Weapons of Mass Destruction and the Next Terror Attack

Matusiak, Matthew M.
July 2009
Internet Journal of Rescue & Disaster Medicine;2009, Vol. 8 Issue 2, p1
Academic Journal
The desires of terror organizations to possess and use weapons of mass destruction have sparked conversations in various communities across the globe. Research has shown that weapons of mass destruction have been used by various loosely supported groups in recent years; to include acts in Chechnya, North Korea and others. As of now, biological and radiological weapons possessions are still somewhat vague and unconfirmed by public records. This paper will also explore the probable use of the type of weapon of mass destruction agent, the availability of the agent to a terror organization and the objectives of a terror organization's use of a weapon of mass destruction on a population, based on public information. The author realizes that public information may not contain all necessary information, but believes enough information exists to produce a valid conclusion.


Related Articles

  • US Targets Afghanistan Caves. McGahan, Robert // Journal of Electronic Defense;Dec2001, Vol. 24 Issue 12, p32 

    Reports developments on the United States attack against terrorists in Afghanistan. Details of the aerial bombing strategy employed by US; Attack in Tora Bora caves; Types of bombs used; Speculation on the decrease of weapons; Purchase of Joint Direct Attack Munition; Creation of bombs designed...

  • The Wrong Deterrence: The Threat of Loose Nukes is One of Our Own Making. Blair, Bruce G. // Defense Monitor;Sep/Oct2004, Vol. 33 Issue 5, p1 

    The article presents information on nuclear terrorism. The recent wave of bloodshed in Russia Federation underscores the urgency of the need to prevent terrorists capable of indiscriminate slaughter from acquiring nuclear bombs. To its credit, the U.S. administration has finally launched an...

  • Selected Literature on Terrorism and CBRN Threats.  // Perspectives on Terrorism;Nov2010, Vol. 4 Issue 5, p57 

    The article lists the selected literature on terrorism and chemical, biological, radiological or nuclear (CBRN) threats.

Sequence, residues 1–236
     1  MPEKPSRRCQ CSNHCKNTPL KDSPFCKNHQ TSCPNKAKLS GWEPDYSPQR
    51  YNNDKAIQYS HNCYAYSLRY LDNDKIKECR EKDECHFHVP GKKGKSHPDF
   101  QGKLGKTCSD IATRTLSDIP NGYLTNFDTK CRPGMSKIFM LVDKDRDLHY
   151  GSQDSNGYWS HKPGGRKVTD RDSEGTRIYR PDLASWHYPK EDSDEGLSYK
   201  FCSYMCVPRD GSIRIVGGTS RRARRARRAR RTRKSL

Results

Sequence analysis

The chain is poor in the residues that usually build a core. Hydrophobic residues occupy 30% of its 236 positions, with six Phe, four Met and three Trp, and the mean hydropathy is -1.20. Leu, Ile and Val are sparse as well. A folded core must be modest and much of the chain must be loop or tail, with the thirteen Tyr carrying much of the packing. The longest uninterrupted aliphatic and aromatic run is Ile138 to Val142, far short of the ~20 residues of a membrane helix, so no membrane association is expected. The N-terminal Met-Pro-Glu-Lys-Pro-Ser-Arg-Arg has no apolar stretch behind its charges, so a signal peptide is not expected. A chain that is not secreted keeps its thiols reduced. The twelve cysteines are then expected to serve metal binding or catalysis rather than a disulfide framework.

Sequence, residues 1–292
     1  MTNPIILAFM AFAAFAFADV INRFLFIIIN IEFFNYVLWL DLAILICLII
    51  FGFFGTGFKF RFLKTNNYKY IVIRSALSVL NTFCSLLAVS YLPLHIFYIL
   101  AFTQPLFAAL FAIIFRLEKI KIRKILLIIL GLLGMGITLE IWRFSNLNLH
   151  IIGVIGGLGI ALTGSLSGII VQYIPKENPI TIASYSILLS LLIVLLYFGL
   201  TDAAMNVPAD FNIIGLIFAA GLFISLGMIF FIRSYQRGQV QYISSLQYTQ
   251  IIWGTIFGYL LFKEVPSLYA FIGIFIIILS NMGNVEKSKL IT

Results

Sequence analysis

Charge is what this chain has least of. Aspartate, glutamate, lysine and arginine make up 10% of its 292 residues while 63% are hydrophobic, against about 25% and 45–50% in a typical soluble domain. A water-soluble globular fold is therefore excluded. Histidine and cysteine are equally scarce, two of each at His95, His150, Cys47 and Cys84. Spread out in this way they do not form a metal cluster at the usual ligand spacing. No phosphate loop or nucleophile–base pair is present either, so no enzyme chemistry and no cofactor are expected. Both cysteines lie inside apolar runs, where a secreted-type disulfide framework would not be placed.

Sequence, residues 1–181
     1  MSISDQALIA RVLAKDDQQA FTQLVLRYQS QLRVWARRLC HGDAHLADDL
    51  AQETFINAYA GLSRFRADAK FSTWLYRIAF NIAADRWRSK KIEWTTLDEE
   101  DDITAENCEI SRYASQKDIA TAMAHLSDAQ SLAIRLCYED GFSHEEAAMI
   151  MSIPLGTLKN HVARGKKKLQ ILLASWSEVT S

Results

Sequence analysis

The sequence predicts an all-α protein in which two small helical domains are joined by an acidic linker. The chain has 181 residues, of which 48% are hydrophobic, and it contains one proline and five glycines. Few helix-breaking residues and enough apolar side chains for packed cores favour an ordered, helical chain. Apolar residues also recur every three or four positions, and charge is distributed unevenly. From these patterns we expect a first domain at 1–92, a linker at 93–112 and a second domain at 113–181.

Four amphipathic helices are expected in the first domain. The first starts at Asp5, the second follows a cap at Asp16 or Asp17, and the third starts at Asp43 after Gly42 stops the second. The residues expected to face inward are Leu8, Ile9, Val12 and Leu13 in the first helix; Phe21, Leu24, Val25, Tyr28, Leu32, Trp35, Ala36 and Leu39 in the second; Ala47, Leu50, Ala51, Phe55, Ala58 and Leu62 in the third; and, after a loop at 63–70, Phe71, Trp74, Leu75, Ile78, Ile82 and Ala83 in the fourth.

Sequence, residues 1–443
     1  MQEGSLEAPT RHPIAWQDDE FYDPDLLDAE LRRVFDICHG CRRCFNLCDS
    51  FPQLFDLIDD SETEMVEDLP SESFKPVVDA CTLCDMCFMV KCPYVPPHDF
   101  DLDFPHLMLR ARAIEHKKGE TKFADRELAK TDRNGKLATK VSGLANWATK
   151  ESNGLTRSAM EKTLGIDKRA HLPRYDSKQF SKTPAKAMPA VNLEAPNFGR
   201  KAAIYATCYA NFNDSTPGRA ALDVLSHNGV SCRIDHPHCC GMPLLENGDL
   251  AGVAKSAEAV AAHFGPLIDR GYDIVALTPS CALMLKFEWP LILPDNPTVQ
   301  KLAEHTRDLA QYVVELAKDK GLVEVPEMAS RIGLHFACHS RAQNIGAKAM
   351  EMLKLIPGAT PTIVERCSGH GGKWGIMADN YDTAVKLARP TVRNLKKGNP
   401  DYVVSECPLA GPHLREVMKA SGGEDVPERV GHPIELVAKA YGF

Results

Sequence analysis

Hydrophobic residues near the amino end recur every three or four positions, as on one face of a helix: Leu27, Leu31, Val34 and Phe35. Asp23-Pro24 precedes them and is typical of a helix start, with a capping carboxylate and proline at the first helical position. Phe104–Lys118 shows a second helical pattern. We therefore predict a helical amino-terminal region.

• Unanswered Questions. Fanning, Timothy O. // Sea Power;Aug2002, Vol. 45 Issue 8, p5 

    Talks about the damage that might have been done if the weapons of mass destruction used by the terrorists in the U.S. had been not aircraft but ships which carried thousands of tones of fuel. Estimated cost of damage when the cargo ships loaded with nitrate fertilizer exploded in Galveston...

  • Deterring Fear. Merari, Ariel // Harvard International Review;Winter2002, Vol. 23 Issue 4, p26 

    Focuses on government responses to terrorist attacks that involve the use of weapons of mass destruction. Discussion on the problem of deterring terrorism; Examples of terrorist activities; Emergence of international terrorism; Causes of failure in eliminating terrorist attacks.

  • MASS DESTRUCTION AND TERRORISM. Mullen, Robert K. // Journal of International Affairs;Spring/Summer78, Vol. 32 Issue 1, p63 

    Examines the means by which terrorists exercise mass destruction, which exist in a technologically advanced society. Possession of clandestinely diverted military nuclear device by terrorists; Threat of mass destruction using chemical and biological weapons; Scope of the effective dispersal of...

  • The Terror from Indiana.  // Security: Solutions for Enterprise Security Leaders;Sep2001, Vol. 38 Issue 9, p13 

    Reports on the enactment of a law in Indiana which defines terrorism by clarifying what constitutes the manufacture of a weapon of mass destruction. Statistics on terror threats based on the Federal Bureau of Investigation.

  • chemical, biological, radiological, nuclear, and explosive agents.  // Taber's Cyclopedic Medical Dictionary (2009);2009, Issue 21, p423 

    A definition of the medical term "chemical, biological, radiological, nuclear, and explosive agents," which refers to weapons that may be employed in military or terrorist activities.

  • FIVE YEARS AFTER. E. R. // Bulletin of the Atomic Scientists;Jan1951, Vol. 7 Issue 1, p3 

    The article reflects on the effect of nuclear bombing to humankind. In 1945, the first atomic bomb explosion took place at Alamogordo, New Mexico. Upon realizing the harm brought by these bombings, group of scientists joined hands in the effort to stop the atomic age. The memoranda and...


Read the Article


Sorry, but this item is not currently available from your library.

Try another library?
Sign out of this library

Other Topics